Money Matters - Simplified

Office, Windows boost Microsoft’s profit

The release of Office 2010, as well as continued strong sales of Windows 7, helped Microsoft record another quarter of increased revenue and profit.

Buoyed by phenomenal sales of Window 7, whose 175 million licenses have been sold since the product was released last year, Microsoft rumbled to record sales in the last quarter.

Driven by strong sales, the behemoth reported a 22 percent jump in revenues to $16 billion in the quarter ending June. Operating profits spiked 49 percent to $5.9 billion during the same quarter.

Microsoft’s net income for the full year rose 29 percent to $18.76 billion, and revenue increased 7 percent to $62.48 billion.

Windows and Office bring "broad and deep" results
The results signify that both consumers and corporations, who had scaled down their technology budgets in the wake of recession, have started spending money again.

"This quarter's record revenue reflects the breadth of our offerings and our continued product momentum. The revenue growth, combined with our ongoing cost discipline, helped us achieve another quarter of margin expansion," averred Klien.

“We are encouraged by the resurgence of business PC shipments,” said Peter Klein, the chief financial officer at Microsoft.

Microsoft registered sales worth $4.55 billion of Windows, up from $3.17 billion in the same quarter last year. Office also clocked sales of $5.25 billion, up from $4.57 billion in the comparable period last year.

“Consumers are even buying Office when they’re refreshing their PCs,” said Katherine Egbert, an analyst with Jefferies & Company.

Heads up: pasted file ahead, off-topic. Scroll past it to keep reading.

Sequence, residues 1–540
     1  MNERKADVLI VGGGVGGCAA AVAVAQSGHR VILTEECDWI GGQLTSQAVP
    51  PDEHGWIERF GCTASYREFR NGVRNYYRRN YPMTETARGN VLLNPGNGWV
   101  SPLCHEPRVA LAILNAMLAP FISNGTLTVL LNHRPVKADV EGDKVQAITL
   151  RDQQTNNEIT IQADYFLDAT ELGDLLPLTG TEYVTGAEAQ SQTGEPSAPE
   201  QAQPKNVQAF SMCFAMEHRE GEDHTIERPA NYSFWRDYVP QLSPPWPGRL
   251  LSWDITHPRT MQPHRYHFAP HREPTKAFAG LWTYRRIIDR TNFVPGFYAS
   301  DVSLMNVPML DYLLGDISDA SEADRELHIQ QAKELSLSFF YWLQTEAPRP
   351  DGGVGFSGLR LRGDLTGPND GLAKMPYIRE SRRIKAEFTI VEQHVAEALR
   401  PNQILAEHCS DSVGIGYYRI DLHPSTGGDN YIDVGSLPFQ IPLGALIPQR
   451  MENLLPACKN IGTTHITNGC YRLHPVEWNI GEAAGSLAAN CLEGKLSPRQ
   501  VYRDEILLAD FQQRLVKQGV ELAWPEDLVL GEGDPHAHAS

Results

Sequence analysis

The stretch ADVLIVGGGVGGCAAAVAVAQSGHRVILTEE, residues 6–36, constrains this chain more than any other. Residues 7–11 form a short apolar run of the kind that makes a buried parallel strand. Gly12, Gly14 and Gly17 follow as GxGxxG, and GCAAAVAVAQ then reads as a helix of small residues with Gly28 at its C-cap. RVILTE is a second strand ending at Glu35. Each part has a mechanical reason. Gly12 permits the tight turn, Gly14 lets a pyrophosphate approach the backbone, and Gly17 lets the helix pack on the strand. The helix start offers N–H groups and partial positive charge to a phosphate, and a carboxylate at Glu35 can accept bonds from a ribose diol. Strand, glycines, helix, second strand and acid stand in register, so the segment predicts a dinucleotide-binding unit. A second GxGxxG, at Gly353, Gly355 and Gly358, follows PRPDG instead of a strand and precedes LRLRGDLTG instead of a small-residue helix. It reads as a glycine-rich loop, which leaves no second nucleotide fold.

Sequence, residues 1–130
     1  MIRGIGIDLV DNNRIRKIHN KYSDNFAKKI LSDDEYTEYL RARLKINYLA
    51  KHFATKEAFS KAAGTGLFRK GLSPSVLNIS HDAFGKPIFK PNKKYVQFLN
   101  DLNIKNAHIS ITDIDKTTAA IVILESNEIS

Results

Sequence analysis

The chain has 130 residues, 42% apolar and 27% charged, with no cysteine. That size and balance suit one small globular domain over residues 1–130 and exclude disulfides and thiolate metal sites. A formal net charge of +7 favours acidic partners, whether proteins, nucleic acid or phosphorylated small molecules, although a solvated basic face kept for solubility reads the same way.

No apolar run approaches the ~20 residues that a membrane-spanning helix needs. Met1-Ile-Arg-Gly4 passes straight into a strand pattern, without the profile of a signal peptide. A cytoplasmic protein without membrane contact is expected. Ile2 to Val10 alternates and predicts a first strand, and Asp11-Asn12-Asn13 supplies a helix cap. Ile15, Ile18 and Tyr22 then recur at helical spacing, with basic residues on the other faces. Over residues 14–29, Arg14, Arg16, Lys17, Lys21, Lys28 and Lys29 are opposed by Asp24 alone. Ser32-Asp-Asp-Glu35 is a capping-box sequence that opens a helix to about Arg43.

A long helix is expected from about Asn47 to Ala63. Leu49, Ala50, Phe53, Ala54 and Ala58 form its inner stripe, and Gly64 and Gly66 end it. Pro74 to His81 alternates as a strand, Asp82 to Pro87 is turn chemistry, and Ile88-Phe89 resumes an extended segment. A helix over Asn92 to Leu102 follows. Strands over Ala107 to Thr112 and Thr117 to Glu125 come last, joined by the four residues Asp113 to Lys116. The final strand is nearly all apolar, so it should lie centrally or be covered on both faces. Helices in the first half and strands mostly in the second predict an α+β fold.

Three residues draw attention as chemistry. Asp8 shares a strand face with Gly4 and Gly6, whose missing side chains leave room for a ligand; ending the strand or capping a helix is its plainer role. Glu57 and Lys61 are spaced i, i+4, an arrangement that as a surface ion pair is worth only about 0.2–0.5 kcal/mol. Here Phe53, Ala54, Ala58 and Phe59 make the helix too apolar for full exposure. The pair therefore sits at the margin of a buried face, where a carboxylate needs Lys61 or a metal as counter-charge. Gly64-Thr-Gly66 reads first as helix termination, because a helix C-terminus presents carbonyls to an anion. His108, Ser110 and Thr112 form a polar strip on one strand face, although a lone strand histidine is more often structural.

Peter Klein, Microsoft's chief financial officer, called the results "broad and deep."

"This quarter's record revenue reflects the breadth of our offerings and our continued product momentum. The revenue growth, combined with our ongoing cost discipline, helped us achieve another quarter of margin expansion," averred Klien.

The misses
But results from businesses like search, entertainment, and mobile technologies were not encouraging for the Redmond, Washington-based company.

The online services group that includes the Bing search engine lost $696 million during the fourth quarter, while the loss from the entertainment and devices group that include Xbox game console and mobile phone products was reported to be $172 million.

Bing, which competes with Google in the search industry, has just not been able to wield the required influence on the internet community.

“Everyone thinks they will spend a lot of money to become relevant in search, and that is exactly what they are doing. I don’t think anyone buys the stock because of Bing,” said Ms. Egbert.

Microsoft has recently scrapped its Kin smartphone line which was targeted at a younger crop of customers.

The device had been under development for close to two years but reported dismal sales after launch. That contrasts with the astounding success of the iPhone which is, in part, responsible for sending the Apple’s share price soaring.